What does the future hold for building claims repairs

During the initial lockdown period and throughout, there have been three key challenges from a repair network perspective (aside from centralised considerations for business continuity). These were:

  • Ensuring continued delivery of essential services for vulnerable customers on both new and existing claims and managing the increase in customers identifying as vulnerable.
  • Maintaining a clear understanding on the position of network resources and any challenges or concerns in relation to their resource, personal views on working, materials availability and customer visits.
  • Maintaining active communication with customers where progress was going to be put on hold based on government guidelines on non-essential working and travel.

As the pandemic situation and guidance from the government developed, so too did teams and networks across the board.

For our teams, agility and quickly adapting to a new process was absolutely key. Our repair team and regional managers confidently provided support and guidance to the network and to our customers whilst simultaneously navigating changes themselves such as variations in peak call times and using video technology in new ways. Two things have proved crucial to success time and time again as we navigated the pandemic – data and communication.

There has been a saving grace across the industry that during this lockdown period, the weather has been fairly kind to us, and we’ve seen an overall reduction in claim frequency from a domestic claims perspective. We thankfully, went into lockdown in a strong service and WIP position, despite two sizeable weather events immediately preceding the pandemic. As a result, we have been able to allocate additional time on individual claims and diverting resource to assist with additional levels of oversight, communication and data capture.

Agile data capture

On top of the rich data we already had through Synergy Analyse, we were able to layer in additional data capture within our system as the situation developed. This extra information allowed us to better understand every situation and react accordingly. Examples included, additional reasons a claim might be on hold, the position of a contractor, when we plan for a claim to restart, what we need to do to adapt our communication.

We have and continue to monitor the situation with building merchants and materials incredibly closely, UK wide, region by region. Layering this information with the claim and customer details and contractor status has allowed us to make the smartest decisions throughout and flexibly coordinate the claims management. As we have seen a steady increase in claims moving from ‘on hold’ to ‘repair’ in the past few weeks we continue to use the data to service decision making.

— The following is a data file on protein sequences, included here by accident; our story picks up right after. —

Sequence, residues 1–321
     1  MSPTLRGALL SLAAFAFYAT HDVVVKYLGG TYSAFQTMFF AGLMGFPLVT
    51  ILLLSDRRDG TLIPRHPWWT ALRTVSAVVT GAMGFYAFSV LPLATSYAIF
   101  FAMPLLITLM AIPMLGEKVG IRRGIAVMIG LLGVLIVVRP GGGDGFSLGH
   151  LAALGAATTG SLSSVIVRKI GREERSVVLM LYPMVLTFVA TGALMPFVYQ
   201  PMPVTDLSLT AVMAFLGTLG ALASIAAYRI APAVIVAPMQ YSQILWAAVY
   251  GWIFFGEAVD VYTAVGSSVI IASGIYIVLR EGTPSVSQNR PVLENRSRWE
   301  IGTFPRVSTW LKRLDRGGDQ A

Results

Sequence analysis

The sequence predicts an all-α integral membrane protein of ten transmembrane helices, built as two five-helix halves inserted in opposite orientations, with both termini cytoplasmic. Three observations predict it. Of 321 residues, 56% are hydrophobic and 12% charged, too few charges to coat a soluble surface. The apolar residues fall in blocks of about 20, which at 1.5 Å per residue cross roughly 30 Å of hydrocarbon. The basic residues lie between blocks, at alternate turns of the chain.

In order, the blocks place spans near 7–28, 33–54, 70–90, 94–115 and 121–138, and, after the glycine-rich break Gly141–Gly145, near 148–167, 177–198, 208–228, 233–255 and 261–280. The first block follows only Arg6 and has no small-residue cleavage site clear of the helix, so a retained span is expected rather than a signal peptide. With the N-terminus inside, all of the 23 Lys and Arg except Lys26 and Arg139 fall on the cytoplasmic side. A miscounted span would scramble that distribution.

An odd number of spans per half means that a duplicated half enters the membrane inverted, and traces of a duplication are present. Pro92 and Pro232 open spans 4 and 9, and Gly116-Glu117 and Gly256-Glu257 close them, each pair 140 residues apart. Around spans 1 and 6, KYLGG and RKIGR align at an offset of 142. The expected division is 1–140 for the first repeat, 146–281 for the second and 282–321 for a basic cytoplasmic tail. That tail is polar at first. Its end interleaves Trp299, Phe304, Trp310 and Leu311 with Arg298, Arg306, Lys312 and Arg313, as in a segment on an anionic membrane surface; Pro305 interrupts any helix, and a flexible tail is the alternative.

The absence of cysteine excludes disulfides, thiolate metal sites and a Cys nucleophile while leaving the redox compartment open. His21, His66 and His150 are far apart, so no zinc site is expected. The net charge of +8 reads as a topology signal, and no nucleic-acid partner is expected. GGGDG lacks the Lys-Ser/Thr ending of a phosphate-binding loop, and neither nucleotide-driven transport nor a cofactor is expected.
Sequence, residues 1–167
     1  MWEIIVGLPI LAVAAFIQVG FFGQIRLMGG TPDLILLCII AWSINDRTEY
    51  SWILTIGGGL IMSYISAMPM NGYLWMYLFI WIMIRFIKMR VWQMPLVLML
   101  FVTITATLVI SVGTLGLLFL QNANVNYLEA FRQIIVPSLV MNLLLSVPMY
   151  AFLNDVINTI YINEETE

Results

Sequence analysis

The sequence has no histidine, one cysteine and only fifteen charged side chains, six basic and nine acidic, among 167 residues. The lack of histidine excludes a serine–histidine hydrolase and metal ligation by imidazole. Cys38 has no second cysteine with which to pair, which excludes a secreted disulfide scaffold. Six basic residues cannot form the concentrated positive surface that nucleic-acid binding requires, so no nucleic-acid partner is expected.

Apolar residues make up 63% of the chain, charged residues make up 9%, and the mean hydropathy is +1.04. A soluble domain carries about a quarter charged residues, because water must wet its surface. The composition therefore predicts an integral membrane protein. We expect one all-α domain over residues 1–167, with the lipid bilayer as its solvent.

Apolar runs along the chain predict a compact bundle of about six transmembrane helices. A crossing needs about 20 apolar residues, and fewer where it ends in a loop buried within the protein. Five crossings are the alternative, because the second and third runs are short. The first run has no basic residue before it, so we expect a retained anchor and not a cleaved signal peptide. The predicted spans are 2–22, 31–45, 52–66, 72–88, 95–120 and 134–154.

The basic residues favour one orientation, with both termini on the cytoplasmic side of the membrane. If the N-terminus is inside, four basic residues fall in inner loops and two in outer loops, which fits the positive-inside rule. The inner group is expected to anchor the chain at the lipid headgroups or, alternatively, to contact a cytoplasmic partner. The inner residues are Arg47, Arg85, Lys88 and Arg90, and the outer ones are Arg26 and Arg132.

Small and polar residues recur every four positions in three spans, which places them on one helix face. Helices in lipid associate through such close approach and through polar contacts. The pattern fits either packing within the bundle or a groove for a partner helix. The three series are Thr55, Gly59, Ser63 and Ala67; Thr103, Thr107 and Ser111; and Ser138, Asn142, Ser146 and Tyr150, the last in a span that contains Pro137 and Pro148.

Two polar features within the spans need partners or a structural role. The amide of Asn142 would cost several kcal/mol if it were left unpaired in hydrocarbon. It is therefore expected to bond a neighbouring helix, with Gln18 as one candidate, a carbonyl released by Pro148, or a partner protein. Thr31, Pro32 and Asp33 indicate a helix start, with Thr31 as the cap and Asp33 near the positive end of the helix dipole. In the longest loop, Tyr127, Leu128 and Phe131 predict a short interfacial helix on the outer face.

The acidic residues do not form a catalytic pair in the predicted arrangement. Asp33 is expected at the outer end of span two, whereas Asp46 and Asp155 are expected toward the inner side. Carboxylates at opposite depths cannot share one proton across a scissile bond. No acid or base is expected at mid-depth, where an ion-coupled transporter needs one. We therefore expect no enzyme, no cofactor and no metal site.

Silent data serves nobody

Having access to a rich and agile data set is fantastic but it is what we do with it that really matters and it is the actions and communication we have issued as a result of the data that really allowed us to take control of an uncontrollable situation to the best of our ability. We have seen a high level of customer acceptance to change facilitated by continued clear and honest communication between all parties. But for how long?

The new normal

Some of these new ways of working may be here to stay; virtual survey and validation technology and enhanced reliance on ordering stock online and click and collect services are two examples. However, we may start to see the current tolerance for slower claims progress to ensure social distancing and conform to government guidelines, begin to wane.  If these guidelines are here to stay, then the expectation to “get the job done” regardless of the challenges around the circumstances of the claim is likely to rise.

As we move slowly out of lockdown and into the ‘new normal’, customers will return to previous expectation levels.

To support this, we need to continue to challenge ourselves on service delivery regardless of the circumstantial barriers:

  • How can we support our network with greater forecast planning on materials, resource and timelines?
  • How can we ensure customer communication and understanding on their claim remains in line with expectations?
  • How can we ensure that we are in a position to offer a full service of technology and field-based claims handling solutions, to support and flex on any future changes and reintroductions to travel, distancing and working rules?

For us, we consider today the new normal, and continue to expect the unexpected. To make sure we’re ready for that, our people, technology, and service offerings need to remain dynamic, flexible, scalable, and ready for change – providing we can retain our position in all these separate channels, we will continue to deliver in line with the commitments we’ve made to our clients and their customer base.

If these guidelines are here to stay, then the expectation to “get the job done” regardless of the challenges around the circumstances of the claim is likely to rise.

Owen Pugh, Director of Network Services and TPA, Claims Consortium Group


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